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Front Porch: As lover of words, she’s a logophile

I’ve been spending a fair bit of time in this space focusing on what’s happening with the use and misuse of words and what’s going on with the English language in general. Probably time to move on.

But not quite yet. I have discovered, interestingly (to me at least), that I am a logophile, not a lexophile.

Seems that a logophile is a lover of words. I would have thought a logophile would be a lover of trademarks or symbols – like Nike’s swoosh or McDonald’s golden arches – that identify products and brands, but I would be wrong in thinking so.

A lexophile, as it turns out, refers to person who loves using words in imaginative ways, as in puns or word puzzles or word games. Someone who delights in noting that writing with a broken pencil would be pointless or that falling into an upholstery machine could result in a person being fully recovered – that’s a lexophile. While I do groan appropriately at clever punning and enjoy a good game of Scrabble, what I really am is an appreciator of words for their own value and, I must confess, for using them correctly (at least most of the time).

Who knew?

I came to learn this difference when researching the word “couple” as a singular or plural noun, something that came about when I saw an anniversary notice in the newspaper noting that the couple “were married in 1948” and that the couple “have 17 grandchildren.” Was the plural verb the correct usage, I wondered.

I still don’t know. Turns out “couple,” as a noun, is singular in most uses. Some sources indicate it should be treated as a plural noun for individuals going to be married but in the singular for long-married individuals. But not all sources agree. Grammar will surely drive you crazy.

I muse about such things.

There are a number of words I’ve come across in recent months that I’ve enjoyed encountering, though not always for the right reasons. I smiled when I saw a cousin’s recent Facebook post about celebrating her anniversary, referring to her husband as her “sole mate.” Of course, I knew what she meant, but my inner grammar nerd noted that as this is a second marriage, he couldn’t in fact have been her sole mate, if that’s what she had really meant – though he certainly should be her current singular spouse (what with polygamy being illegal and all). A good guy, he is truly her soul mate, I should point out.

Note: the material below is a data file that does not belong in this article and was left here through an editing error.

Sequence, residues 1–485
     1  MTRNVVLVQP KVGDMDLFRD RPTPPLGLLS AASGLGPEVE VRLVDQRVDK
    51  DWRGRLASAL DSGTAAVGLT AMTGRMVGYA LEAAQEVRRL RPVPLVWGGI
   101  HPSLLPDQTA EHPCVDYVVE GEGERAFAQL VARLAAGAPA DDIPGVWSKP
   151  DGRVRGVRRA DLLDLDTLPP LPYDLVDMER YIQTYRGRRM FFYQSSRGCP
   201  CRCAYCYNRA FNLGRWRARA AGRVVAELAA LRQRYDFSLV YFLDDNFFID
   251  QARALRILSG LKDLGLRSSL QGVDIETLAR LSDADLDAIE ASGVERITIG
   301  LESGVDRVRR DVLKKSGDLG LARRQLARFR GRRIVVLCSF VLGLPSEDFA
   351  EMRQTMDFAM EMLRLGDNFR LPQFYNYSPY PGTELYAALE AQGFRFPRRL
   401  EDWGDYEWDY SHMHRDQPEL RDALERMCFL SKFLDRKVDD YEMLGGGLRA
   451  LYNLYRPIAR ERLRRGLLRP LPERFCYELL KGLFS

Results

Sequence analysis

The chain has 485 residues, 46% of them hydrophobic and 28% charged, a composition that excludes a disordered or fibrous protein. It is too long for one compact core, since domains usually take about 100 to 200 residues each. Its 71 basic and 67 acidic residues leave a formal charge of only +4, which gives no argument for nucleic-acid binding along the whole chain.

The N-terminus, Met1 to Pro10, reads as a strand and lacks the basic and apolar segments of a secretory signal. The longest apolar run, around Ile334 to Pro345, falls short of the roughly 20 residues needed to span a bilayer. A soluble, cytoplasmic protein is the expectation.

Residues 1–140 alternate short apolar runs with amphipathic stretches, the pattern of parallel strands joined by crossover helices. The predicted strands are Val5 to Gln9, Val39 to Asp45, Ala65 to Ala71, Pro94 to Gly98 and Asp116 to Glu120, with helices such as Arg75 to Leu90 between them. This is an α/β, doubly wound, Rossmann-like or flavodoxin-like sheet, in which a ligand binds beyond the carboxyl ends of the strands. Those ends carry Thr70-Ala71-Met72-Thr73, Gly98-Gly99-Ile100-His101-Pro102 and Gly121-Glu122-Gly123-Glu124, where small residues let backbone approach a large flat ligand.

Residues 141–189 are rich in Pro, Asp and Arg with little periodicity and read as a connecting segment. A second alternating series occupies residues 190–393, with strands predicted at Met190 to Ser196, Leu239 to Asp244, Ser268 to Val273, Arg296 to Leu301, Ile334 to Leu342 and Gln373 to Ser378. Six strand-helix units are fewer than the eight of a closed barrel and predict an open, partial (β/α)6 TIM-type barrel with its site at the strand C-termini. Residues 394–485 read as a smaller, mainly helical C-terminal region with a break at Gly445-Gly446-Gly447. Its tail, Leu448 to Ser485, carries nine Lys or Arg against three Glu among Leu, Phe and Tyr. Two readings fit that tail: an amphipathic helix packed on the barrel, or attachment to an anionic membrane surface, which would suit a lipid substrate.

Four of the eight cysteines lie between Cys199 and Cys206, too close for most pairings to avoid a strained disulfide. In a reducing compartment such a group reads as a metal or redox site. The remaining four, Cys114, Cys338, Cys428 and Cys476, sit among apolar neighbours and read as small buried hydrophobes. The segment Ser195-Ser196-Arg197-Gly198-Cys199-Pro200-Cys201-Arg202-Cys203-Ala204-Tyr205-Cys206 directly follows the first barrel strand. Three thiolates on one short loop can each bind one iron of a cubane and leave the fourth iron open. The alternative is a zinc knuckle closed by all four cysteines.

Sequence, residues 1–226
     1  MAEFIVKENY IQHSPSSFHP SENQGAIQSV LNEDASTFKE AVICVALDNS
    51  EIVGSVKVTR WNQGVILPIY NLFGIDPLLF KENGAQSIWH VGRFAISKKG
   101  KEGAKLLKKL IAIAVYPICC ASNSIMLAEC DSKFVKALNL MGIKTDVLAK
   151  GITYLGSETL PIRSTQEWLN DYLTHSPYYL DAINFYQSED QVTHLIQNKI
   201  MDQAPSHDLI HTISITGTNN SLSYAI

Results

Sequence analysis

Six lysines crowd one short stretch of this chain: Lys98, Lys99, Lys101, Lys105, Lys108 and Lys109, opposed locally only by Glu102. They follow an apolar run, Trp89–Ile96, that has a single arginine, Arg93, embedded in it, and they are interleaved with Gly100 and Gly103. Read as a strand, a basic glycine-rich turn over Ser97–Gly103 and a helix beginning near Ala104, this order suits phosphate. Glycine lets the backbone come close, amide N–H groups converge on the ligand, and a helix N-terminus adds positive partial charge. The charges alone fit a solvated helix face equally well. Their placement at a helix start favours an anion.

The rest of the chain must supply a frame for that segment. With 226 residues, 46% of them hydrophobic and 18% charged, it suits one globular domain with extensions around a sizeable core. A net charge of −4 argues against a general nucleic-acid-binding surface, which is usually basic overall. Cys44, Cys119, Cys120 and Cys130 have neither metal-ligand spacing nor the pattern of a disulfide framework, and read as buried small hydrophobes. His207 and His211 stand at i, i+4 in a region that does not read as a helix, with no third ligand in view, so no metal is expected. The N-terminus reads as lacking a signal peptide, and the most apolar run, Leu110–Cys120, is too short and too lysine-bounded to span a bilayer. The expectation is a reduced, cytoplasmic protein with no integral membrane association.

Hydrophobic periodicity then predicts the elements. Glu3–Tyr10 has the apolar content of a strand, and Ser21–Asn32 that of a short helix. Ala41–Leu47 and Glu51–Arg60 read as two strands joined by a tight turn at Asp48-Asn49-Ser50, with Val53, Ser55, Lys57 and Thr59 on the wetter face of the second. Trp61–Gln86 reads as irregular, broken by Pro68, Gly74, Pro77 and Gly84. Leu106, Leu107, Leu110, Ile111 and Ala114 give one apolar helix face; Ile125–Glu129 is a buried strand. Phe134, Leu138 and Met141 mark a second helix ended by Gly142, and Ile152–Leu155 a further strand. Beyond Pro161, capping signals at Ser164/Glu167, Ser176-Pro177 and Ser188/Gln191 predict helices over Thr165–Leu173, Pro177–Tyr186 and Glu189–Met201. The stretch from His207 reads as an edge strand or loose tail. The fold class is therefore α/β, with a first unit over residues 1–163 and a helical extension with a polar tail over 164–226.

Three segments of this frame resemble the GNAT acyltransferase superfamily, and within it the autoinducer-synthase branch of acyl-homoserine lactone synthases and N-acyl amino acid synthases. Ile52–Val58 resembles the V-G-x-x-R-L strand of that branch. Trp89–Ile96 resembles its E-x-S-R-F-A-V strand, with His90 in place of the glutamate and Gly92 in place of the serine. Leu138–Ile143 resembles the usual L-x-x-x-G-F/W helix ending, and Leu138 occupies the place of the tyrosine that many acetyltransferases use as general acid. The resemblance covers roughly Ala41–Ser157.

I have been having battles with the autocorrect function on social media platforms – some of which turn out pretty funny. I recently wrote the word “Ivar’s,” as in the Seattle restaurant, and it autocorrected to Icarus. Pretty sure the mythological Greek character who flew too close to the sun had nothing to do with the subject matter of the message.

In recent texts, I intended to write “chocolate,” but I misspelled it, and autocorrect provided me with “chili latte” instead. “Okey-dokey” turned into “okey-donkey,” and a fun term, “poopsie,” became “poop die.” There are a couple of autocorrects that are not appropriate for a family newspaper.

And in my wandering around word world, I also came across a list of not-often-used words that should really make their way into our vocabularies. They sound so good that they are just crying out to be used.

There’s “backlotter,” a noun referring to a person who raises poultry or rabbits on a small lot, usually one’s backyard. Also, “bedward,” an adverb meaning toward one’s bed – as in, “I’m sleepy and heading bedward.” There’s also “miscook,” a verb meaning to ruin something in cooking, a kitchen-based disaster we’ve all pretty much created or been subject to.

How about – “emacity,” a fondness for buying things (so much better than “shopaholic”); “funambulist,” a tightrope walker; “fankle,” a Scottish word for entangling something; “biblioklept,” a person who steals books; and “pilgarlic,” a bald-headed man.

Words are fun. Useful, too, though I probably shouldn’t dwell too much on them, lest I turn into a logomaniac – (n) a person who is obsessively interested in words.

Oops, too late. And now I move on.

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